The bipolar transistor structure, fabricated in accordance with this invention is shown in FIGS. 1A, 1B and 1C. The device region is isolated from the other devices on the wafer by a deep oxide trench. The deep oxide trench which has nearly vertical sidewalls, extends from the epitaxial silicon surface through the N+ subcollector region into the P- substrate. A shallow oxide trench is used to separate the collector reach-through region from the base region. A heavily doped polysilicon layer is used to dope and make contact to the transistor base as well as define the emitter window through which the emitter is doped. The separation of the emitter window and the polysilicon base contact in this device structure is minimized to a very small value achieved by using a self-aligned process scheme. Metal contact to the polysilicon, and hence to the transistor base, is done over the deep trench oxide isolation, thus allowing the transistor base area, and hence the collector-base capacitance, to be minimized. The shallow emitter and narrow base width of the transistor are formed by ion-implantation techniques.
Referring now to the drawings and FIG. 2 in particular, a P-type monocrystalline silicon wafer 10 is the starting substrate. An N-type impurity such as arsenic is introduced into wafer 10 forming the subcollector 11. The introduction of the N-type impurity can be done by, as for example, capsule diffusion or ion implantation. The resistivity of the N+ subcollector 11 is approximately 0.001 ohm-cm.
As shown in FIG. 3, an N-type epitaxial silicon layer 12 of approximately 1.0 μm to 1.5 μm thick is deposited on the subcollector surface of 11. The resistivity of the epitaxial layer 12 is about 0.3 ohm-cm.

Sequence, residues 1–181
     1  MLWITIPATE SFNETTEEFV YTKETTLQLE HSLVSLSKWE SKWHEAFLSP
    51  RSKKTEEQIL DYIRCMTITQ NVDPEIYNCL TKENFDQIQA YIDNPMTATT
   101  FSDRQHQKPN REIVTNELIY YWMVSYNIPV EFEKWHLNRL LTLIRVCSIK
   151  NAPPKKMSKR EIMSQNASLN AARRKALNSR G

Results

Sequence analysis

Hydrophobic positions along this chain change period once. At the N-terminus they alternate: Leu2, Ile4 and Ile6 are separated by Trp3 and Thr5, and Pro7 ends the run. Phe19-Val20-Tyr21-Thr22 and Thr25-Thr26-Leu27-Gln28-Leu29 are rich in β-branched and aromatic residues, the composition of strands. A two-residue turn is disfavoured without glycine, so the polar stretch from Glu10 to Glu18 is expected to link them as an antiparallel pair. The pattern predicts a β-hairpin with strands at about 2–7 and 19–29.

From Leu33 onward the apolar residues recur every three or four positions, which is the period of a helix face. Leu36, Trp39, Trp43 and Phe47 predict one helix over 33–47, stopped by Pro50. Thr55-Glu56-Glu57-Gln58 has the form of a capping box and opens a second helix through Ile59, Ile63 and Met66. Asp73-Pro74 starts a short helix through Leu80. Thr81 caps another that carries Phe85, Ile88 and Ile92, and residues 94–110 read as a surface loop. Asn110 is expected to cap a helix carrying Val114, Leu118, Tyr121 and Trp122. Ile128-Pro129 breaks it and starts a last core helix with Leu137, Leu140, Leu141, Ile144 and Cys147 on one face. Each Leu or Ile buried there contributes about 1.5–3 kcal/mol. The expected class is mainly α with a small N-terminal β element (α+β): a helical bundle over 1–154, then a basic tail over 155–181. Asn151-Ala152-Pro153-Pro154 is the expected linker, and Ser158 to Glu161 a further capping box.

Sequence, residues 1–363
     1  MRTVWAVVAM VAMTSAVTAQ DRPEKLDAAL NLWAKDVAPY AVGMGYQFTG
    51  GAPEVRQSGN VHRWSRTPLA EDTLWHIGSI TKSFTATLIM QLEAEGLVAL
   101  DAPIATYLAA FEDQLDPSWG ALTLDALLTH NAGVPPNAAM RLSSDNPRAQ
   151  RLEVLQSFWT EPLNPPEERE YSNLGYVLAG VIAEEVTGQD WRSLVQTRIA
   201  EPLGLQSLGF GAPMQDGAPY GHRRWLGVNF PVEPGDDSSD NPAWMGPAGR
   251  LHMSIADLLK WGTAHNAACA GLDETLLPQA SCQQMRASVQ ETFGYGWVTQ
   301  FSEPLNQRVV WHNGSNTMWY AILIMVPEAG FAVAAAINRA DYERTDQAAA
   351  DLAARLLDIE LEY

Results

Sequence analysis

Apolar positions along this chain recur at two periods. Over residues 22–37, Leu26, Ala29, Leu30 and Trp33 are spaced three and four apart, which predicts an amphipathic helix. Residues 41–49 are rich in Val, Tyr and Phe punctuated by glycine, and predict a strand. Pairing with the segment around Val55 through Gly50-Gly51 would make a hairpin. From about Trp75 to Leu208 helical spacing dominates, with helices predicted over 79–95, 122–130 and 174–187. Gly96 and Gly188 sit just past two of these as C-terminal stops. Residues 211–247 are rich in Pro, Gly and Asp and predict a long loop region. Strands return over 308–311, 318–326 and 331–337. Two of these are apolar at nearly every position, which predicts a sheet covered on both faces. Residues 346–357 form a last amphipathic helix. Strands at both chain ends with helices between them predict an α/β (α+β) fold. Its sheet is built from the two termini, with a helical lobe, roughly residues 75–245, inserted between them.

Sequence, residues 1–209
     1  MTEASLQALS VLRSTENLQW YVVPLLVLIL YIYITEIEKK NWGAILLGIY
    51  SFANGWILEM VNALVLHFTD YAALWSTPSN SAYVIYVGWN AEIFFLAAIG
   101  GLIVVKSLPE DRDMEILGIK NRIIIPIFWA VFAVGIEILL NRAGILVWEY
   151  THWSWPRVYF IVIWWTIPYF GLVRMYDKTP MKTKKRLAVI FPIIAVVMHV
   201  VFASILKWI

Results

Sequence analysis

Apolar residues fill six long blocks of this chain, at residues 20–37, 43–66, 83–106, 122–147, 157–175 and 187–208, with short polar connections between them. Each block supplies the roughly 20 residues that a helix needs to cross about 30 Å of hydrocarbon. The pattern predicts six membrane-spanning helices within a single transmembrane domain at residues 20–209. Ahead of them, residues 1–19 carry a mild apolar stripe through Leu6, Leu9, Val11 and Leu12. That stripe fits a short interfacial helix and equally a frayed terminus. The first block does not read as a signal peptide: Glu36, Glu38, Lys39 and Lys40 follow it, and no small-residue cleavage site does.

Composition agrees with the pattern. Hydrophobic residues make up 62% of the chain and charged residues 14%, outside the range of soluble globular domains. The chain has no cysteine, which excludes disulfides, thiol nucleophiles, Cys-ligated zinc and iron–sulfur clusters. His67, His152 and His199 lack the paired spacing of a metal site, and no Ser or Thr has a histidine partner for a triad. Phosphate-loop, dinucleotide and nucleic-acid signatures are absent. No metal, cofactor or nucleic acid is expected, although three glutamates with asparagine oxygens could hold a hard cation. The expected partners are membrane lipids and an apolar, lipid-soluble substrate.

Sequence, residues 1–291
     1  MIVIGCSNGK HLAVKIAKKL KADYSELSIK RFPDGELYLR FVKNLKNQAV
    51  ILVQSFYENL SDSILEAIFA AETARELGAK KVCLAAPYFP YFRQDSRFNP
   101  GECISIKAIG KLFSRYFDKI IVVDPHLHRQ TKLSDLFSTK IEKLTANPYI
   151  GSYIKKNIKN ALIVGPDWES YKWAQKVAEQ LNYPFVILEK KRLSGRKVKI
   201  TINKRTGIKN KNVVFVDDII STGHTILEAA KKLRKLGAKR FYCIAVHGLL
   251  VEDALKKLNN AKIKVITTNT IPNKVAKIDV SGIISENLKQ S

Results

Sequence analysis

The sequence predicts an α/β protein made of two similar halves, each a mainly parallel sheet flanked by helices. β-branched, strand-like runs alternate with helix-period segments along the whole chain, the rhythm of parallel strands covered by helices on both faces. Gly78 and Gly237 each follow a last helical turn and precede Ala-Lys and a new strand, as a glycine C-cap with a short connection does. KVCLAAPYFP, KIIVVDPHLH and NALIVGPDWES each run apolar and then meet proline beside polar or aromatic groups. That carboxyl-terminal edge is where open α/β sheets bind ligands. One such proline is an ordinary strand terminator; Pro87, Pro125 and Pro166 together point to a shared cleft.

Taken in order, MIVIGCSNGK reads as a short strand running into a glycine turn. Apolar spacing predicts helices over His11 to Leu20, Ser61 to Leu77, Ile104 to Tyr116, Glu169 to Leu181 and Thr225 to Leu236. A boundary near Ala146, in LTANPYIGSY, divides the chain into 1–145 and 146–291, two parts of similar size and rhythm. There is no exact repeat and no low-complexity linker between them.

As shown in FIG. 4, an oxide layer 13, approximately 3,000 A thick, preferably formed by chemical vapor deposition, CVD, process is deposited on the epitaxial silicon layer 12. A lithographic step is applied to form a resist window (not shown) which overlies the position of the shallow dielectric isolation trench to be fabricated. The exposed oxide layer 13 is then opened by reactive-ion etching RIE. Using the oxide layer 13 as an etch mask, the exposed silicon in region 14 is then etched by a RIE technique. The etching will be stopped when it reaches to the N+ subcollector region 11. The remaining oxide mask layer 13 is then stripped by a chemical solution, for example, buffer-HF solution.
Referring to FIG. 5, a CVD oxide layer 15, approximately 7,000 A thick is formed over the silicon surface 12. Subsequently, a lithography step is applied to form a resist defined window (not shown) which overlies the position of the deep dielectric isolation trench 16 to be fabricated. The oxide 15 defined by the resist is then opened by RIE. Using the oxide 15 as an etch mask, RIE through the epitaxial silicon layer 12 and subcollector 11 to form the deep trench 16 enclosing the device area. Subsequently, using a thin CVD SiO2 layer (not shown) to protect the sidewalls of the deep trench 16, a shallow boron implantation is made into the bottom of the deep trench to form channel stopper 17.
After stripping the CVD oxide masking layer 15, the wafer is thermally oxidized to form a high quality SiO2 layer 18 over the exposed silicon surface. As shown in FIG. 6, a thick oxide layer 19, preferably formed by low pressure CVD, LPCVD, technique, is used to over-fill the shallow trench 14, deep trench 16 and to obtain planarization of the wafer surface. The oxide 19 obtained by LPCVD has an excellent thickness uniformity. A resist layer 20 may be applied over the wafer to improve planarization of the device surface by filling the crevice over the center area of the overfilled trenches.